While the visual styles of these three artists may be disparate on the surface, the common thread that runs across the works of all three is the invitation to re-examine our daily lives, in our own respective environments, which we so easily take for granted. Be it because of us being absorbed in our work, or too busy with the necessary daily activities that sustain us, we often lose sight of the fact that the life we live contains subtle wonderments that easily evade our attention.
Borrowing the philosophical observation of Greek philosopher Socrates, that “a life unexamined is a life not worth living”, we invite the audience, through the collection of works by these 3 artists, to re-examine our own lives in order to uncover how special each and everyone’s existence really is.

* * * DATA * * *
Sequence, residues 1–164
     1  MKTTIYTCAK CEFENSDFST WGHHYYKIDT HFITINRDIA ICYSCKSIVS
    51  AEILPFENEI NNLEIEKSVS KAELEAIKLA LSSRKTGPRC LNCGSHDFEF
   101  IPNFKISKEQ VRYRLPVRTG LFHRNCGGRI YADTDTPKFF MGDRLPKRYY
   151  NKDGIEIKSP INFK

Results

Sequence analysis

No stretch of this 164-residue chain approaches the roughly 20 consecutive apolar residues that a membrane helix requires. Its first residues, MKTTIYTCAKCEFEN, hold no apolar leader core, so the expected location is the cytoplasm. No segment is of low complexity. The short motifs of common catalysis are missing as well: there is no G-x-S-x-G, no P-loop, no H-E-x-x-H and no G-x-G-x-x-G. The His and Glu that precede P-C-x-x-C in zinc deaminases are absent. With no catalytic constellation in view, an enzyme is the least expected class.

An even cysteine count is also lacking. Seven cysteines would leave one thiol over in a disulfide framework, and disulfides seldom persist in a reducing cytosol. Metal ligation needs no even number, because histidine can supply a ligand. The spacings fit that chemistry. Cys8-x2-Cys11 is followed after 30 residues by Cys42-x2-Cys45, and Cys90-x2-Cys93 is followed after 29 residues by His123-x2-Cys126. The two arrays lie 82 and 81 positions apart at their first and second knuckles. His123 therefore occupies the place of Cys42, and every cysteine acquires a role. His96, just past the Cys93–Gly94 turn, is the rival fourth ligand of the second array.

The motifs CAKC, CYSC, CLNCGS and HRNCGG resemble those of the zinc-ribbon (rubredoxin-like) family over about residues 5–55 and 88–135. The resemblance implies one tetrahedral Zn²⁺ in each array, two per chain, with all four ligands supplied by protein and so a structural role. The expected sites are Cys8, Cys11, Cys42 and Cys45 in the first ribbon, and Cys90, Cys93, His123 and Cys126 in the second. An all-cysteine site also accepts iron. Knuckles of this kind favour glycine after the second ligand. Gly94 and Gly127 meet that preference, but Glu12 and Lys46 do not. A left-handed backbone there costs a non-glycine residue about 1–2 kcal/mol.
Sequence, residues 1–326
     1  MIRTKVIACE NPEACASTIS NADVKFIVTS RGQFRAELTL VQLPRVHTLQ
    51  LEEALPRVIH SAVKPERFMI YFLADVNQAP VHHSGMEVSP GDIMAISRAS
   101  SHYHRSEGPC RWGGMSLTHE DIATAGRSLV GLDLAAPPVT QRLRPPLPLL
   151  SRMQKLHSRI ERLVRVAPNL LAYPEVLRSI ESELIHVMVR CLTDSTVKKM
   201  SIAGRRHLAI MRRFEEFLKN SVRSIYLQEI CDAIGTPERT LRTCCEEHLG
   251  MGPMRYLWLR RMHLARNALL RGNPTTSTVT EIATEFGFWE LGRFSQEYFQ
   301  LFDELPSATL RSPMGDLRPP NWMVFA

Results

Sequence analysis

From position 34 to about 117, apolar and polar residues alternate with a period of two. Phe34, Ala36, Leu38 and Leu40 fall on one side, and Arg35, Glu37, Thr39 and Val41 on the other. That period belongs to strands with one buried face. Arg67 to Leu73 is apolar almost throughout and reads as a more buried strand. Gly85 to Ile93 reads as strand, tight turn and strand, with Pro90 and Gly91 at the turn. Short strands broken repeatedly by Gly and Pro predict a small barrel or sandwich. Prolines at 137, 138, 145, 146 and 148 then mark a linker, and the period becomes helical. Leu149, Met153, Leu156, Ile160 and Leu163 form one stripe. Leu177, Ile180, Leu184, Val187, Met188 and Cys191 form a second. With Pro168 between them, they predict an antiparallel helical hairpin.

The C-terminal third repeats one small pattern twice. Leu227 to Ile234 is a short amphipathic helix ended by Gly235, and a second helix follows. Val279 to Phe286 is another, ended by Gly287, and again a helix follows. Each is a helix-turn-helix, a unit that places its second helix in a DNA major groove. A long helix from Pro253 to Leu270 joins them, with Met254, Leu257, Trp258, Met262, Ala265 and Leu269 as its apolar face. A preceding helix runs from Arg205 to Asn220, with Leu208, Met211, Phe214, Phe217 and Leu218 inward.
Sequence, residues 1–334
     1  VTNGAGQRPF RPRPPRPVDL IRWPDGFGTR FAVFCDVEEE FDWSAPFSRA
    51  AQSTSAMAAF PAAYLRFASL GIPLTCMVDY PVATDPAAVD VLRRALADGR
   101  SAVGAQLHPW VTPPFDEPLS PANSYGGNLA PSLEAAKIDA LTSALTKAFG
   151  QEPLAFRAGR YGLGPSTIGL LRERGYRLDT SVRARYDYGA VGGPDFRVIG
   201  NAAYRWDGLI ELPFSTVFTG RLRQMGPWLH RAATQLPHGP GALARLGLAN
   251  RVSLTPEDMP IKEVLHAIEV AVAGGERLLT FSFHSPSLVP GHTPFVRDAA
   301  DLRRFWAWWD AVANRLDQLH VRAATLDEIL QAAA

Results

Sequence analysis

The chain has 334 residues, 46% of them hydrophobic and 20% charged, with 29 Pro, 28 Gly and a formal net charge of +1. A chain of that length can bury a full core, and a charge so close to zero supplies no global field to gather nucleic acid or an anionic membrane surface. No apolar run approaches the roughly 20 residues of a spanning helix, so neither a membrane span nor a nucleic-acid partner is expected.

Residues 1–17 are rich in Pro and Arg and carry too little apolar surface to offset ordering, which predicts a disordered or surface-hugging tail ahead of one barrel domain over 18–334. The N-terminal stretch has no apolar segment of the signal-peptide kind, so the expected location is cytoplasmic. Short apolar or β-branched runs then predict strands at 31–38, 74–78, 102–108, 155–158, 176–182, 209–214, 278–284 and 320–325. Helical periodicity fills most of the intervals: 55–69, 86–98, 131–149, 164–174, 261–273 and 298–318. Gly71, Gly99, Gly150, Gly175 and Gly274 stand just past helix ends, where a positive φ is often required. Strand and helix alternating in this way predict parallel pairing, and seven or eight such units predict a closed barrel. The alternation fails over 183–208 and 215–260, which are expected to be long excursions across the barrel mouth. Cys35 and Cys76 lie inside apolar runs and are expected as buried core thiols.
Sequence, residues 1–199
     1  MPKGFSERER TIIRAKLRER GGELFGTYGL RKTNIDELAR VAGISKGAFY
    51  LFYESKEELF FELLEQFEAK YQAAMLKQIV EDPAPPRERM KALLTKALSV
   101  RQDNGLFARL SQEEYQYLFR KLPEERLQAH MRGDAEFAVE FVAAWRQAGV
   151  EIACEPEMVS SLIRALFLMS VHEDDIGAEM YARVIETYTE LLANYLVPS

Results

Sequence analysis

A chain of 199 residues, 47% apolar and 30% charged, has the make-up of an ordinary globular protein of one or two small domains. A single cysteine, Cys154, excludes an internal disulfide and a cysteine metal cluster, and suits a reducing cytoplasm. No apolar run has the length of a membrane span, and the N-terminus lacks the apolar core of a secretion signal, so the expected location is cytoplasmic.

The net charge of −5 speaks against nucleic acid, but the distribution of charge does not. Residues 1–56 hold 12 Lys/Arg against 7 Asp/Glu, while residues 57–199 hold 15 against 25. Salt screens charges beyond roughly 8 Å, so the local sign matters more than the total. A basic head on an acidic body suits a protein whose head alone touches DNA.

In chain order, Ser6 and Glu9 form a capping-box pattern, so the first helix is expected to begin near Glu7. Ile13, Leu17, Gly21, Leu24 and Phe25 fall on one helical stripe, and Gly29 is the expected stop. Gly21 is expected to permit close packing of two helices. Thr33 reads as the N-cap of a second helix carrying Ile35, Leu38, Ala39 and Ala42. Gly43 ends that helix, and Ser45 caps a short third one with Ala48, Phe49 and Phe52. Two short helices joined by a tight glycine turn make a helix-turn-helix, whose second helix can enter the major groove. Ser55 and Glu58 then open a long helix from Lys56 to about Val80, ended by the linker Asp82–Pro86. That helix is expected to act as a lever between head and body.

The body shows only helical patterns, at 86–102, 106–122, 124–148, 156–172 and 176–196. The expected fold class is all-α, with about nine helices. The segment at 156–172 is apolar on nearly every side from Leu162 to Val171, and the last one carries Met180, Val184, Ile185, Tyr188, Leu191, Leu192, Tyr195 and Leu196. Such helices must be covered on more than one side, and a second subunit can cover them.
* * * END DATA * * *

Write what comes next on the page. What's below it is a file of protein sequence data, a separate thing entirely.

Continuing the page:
Combining his savvy in color composition, naïve expressionism and text, Dedy Sufriadi’s works are visually compelling, often expressing a deeper existentialist philosophical view of the simplest and most common of experiences. He is able to find moments of inspiration within every day life, particularly in the innocent wonderment he sees in young children.
A storyteller at heart, each of Indra Dodi’s works tells a tale, presented in a visual language that allows a simple story to extrapolate itself into many possible yarns, creating visual diaries of the artist’s life experiences. Often taken from personal encounters with events, objects, and people, Indra takes us on visual excursions presented through his naïve-styled treatment of the subjects he depicts.
History repeats itself in Lu Fang’s works but in more contemporary, neoclassicist terms. Skillfully painted in iconic European Renaissance style, this emerging artist from Taiwan adds contemporary “what-ifs” in a manner that’s disarming, often incorporating what he sees in modern day Taiwan as elements. The resulting works are imagery juxtaposing a geographically distant European past, with what could be common subjects or occurrences in present times, from places much closer to home.